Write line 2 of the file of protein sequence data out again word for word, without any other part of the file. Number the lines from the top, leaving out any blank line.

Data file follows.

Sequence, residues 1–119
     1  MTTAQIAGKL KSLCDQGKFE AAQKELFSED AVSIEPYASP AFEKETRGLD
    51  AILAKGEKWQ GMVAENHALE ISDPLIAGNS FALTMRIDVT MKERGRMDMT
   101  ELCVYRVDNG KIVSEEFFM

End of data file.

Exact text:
     1  MTTAQIAGKL KSLCDQGKFE AAQKELFSED AVSIEPYASP AFEKETRGLD